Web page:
The differences between patients with panic disorder and healthy controls in psychophysiological stress profile
Received 1 October 2017
Accepted for publication 21 November 2017
Published 7 February 2018 Volume 2018:14 Pages 435—441
Checked for plagiarism Yes
Review by Single-blind
Peer reviewers approved by Prof. Dr. Roumen Kirov
Peer reviewer comments 2
Editor who approved publication: Dr Roger Pinder
Antonia Kotianova,1,2 Michal Kotian,2 Milos Slepecky,1,2 Michaela Chupacova,2 Jan Prasko,1,3 Ingrid Tonhajzerova4,5
1Department of Psychology Sciences, Faculty of Social Science and Health Care, Constantine the Philosopher University in Nitra, Nitra, Slovak Republic; 2Psychagogia, Garbiarska, Liptovsky Mikulas, Slovak Republic; 3Department of Psychiatry, Faculty of Medicine and Dentistry, University Palacky Olomouc, University Hospital, Olomouc, Czech Republic; 4Department of Physiology, Jessenius Faculty of Medicine in Martin, Comenius University in Bratislava, Martin, Slovak Republic; 5Biomedical Center Martin, Jessenius Faculty of Medicine in Martin, Comenius University in Bratislava, Martin, Slovak Republic
Background: Alarming somatic symptoms, in particular, cardiovascular symptoms, are the characteristic feature of panic attacks. Increased cardiac mortality and morbidity have been found in these patients. Power spectral analysis of electrocardiogram R–R intervals is known to be a particularly successful tool in the detection of autonomic instabilities in various clinical disorders. Our study aimed to compare patients with panic disorder and healthy controls in heart rate variation (HRV) parameters (very-low-frequency [VLF], low-frequency [LF], and high-frequency [HF] band components of R–R interval) in baseline and during the response to the mental task.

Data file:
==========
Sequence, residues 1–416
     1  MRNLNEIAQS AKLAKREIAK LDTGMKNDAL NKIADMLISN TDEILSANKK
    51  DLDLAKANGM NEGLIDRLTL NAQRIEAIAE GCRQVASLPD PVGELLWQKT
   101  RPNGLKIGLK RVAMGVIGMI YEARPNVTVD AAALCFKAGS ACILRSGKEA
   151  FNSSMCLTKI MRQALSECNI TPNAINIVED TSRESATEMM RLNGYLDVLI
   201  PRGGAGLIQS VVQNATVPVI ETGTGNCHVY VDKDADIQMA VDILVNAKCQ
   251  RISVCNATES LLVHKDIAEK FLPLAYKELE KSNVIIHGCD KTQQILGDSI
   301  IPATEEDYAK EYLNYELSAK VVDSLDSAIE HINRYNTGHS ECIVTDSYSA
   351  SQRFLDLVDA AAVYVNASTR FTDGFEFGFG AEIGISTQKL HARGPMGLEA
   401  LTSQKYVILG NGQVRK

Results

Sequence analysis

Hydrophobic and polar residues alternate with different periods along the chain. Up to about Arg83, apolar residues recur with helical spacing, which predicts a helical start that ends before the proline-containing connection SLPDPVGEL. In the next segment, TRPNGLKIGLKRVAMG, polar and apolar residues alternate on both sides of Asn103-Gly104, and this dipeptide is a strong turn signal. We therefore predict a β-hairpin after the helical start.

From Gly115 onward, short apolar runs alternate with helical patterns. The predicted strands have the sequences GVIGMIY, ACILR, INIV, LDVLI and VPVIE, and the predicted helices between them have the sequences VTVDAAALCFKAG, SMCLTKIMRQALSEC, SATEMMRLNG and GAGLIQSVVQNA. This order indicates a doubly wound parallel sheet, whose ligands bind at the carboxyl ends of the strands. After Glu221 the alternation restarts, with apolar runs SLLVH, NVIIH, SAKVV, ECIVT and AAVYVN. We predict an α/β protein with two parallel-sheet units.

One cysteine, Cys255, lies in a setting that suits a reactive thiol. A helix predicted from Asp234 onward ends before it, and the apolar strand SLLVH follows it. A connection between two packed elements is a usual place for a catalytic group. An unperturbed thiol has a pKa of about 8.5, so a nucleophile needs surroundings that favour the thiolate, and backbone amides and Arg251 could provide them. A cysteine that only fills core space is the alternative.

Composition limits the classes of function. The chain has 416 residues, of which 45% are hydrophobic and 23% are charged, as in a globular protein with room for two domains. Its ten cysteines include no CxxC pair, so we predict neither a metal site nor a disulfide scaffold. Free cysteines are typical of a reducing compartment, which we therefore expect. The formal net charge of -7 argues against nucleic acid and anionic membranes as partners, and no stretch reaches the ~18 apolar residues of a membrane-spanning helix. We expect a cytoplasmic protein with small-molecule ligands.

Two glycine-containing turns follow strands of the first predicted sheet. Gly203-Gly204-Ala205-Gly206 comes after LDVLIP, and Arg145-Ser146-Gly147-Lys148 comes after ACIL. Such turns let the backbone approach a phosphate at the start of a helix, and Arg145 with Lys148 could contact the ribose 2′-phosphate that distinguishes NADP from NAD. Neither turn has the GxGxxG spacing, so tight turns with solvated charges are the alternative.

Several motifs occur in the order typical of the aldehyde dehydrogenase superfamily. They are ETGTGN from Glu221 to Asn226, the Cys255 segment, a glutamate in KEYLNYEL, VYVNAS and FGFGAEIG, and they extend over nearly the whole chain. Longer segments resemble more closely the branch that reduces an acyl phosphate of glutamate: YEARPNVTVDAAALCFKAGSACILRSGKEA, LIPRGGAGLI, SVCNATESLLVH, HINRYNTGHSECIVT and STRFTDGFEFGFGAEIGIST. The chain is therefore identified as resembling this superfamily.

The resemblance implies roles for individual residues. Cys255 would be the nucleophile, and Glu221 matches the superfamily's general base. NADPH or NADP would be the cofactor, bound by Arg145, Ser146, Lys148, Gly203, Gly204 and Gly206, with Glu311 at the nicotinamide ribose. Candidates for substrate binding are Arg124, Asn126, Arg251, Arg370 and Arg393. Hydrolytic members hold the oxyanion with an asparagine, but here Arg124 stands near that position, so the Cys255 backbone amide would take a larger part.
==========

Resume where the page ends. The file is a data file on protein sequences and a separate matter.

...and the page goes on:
Subjects and methods: We assessed psychophysiological variables in 33 patients with panic disorder (10 men, 23 women; mean age 35.9±10.7 years) and 33 age- and gender-matched healthy controls (10 men, 23 women; mean age 35.8±12.1 years). Patients were treatment naïve. Heart rate, blood pressure, muscle tension, and HRV in basal conditions and after the psychological task were assessed. Power spectrum was computed for VLF (0.003–0.04 Hz), LF (0.04–0.15 Hz), and HF (0.15–0.40 Hz) bands using fast Fourier transformation.
Results: In the baseline period, the VLF band was significantly lower in panic disorder group compared to controls (p<0.005). In the period of mental task, the LF/HF ratio was significantly higher in panic disorder patients compared to controls (p<0.05). No significant differences were found in the remaining parameters. There was a significant difference in ΔHF and ΔLF/HF ratio between patients and controls, with Δ increasing in patients and decreasing in controls.
Conclusion: These findings revealed that patients suffering from panic disorder were characterized by relative sympathetic dominance (reactivity) in response to mental stress compared with healthy controls.
Keywords: panic disorder, heart rate variability, pulse, blood pressure, muscle tension, psychological task
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